I remember back before we started going to the fairgrounds for Christmas Eve we would try and have it at church. And everybody came to the early Mass and it was overwhelming and chaotic and it was a horrible experience. And then everybody would rush out as soon as communion was over.
Side note: Some people demonstrate that habit every week which is a special source of irritation to me; leaving Mass early is like going to someone’s house for dinner, leaving after the main course and not saying good bye or thank you.
On Christmas Eve it seemed like everyone left early. Anyway, I was talking about the problem with a friend, and I said, “It is so disappointing, we put so much effort and time into Christmas Eve and people just rush out after communion, what is that all about?” And my friend, who runs a very expensive restaurant told me the same thing actually happens on Christmas Eve at his place. People make reservations weeks in advance; they spend a lot of money. Early in the evening the place is packed, but then everybody rushes through his or her dinner and the place is deserted before you know it.
Why? My friend said, “Michael, they just want to get it over with.”
For a lot of people all they want to do is get Christmas over with. Like weekly Mass attendance, for some people Christmas is only an unwelcome obligation to be gotten over with.
Contrast that to the excitement you felt for Christmas as a kid.
As a kid, you can’t wait for Christmas to come, it always felt like it would never come. Of course, there is no doubt Christmas is coming. That’s not a question for us. The question for each of us is what will it bring and how will we receive it.
Fundamentally, Christmas is a season of hope. That is what we are experiencing as children…and that is exactly what we are missing out on as adults when we give in to the cynicism that comes with the “get it over with” attitude.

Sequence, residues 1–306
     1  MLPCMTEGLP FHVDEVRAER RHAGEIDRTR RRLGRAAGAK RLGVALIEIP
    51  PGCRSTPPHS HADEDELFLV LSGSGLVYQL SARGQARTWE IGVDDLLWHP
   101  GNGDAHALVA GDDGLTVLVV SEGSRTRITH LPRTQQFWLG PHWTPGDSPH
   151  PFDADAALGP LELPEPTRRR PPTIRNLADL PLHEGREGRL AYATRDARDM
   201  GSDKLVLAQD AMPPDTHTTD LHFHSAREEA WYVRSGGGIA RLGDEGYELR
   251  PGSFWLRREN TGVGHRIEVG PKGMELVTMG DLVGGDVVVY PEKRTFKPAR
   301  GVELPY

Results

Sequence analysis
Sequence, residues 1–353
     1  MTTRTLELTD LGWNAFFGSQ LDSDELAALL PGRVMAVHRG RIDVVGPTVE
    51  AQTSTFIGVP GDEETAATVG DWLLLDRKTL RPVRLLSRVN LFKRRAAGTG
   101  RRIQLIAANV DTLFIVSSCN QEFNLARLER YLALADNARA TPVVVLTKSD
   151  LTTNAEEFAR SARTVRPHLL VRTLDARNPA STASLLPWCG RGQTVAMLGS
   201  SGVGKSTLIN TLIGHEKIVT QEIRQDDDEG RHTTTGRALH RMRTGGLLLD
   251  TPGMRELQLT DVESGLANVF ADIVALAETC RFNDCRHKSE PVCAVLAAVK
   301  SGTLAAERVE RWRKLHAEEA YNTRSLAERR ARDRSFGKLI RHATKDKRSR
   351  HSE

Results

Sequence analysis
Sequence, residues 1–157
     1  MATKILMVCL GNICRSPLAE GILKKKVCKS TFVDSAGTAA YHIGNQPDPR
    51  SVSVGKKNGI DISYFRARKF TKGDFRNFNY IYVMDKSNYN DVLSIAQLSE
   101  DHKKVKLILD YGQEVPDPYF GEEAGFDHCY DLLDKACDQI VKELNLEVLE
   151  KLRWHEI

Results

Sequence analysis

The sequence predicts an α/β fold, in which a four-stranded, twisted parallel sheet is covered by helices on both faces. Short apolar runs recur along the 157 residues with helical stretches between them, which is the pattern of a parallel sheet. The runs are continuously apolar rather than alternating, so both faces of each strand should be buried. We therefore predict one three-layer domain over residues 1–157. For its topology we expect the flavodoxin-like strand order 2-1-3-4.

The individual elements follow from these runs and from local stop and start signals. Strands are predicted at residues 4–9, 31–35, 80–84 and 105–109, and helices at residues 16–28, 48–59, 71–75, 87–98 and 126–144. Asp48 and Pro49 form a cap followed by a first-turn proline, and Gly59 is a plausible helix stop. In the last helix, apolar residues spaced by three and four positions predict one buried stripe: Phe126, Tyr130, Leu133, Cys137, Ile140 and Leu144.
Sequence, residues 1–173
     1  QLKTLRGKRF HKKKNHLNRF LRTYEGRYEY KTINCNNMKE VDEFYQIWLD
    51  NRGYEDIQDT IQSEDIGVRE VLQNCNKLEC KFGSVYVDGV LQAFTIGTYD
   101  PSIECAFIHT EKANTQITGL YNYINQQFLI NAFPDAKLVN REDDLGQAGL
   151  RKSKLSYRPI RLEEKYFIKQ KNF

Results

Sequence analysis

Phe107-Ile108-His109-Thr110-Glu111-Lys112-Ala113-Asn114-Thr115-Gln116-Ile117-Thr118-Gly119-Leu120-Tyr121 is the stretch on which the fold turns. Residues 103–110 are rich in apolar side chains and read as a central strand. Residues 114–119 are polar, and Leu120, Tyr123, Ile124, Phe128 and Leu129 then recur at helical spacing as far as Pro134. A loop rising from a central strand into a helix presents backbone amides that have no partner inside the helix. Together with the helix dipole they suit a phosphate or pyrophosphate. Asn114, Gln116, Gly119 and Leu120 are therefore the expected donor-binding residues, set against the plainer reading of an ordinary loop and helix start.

In the Christian faith, hope is one of the most important character qualities of all, not wishful thinking…hope.
Hope is confidence, it engages the mind. It is a thought process, like the power of positive thinking.
But hope isn’t just positive thinking, it also engages the heart because hope also requires desire. When it comes to hope there is always something we don’t currently possess or experience that we want to have.
Hope is about the head and the heart, but it also is going to eventually require us to do something, in other words action. For hope to be hope, there has to be action, there has to be commitment.
Christianity is a religion of hope. It understands that we are not there yet. We have not achieved all God has in mind for us. We are only on our way.
Ironically Karl Marx famously called religion the opiate of the people. When understood correctly, Christianity is actually the opposite of that; it is precisely for people who desire more, who are confident that there is more, who act like there is more.
If you are completely satisfied with life as it is right now then Jesus’ teachings will never really appeal to you.
(You might as well leave Mass early).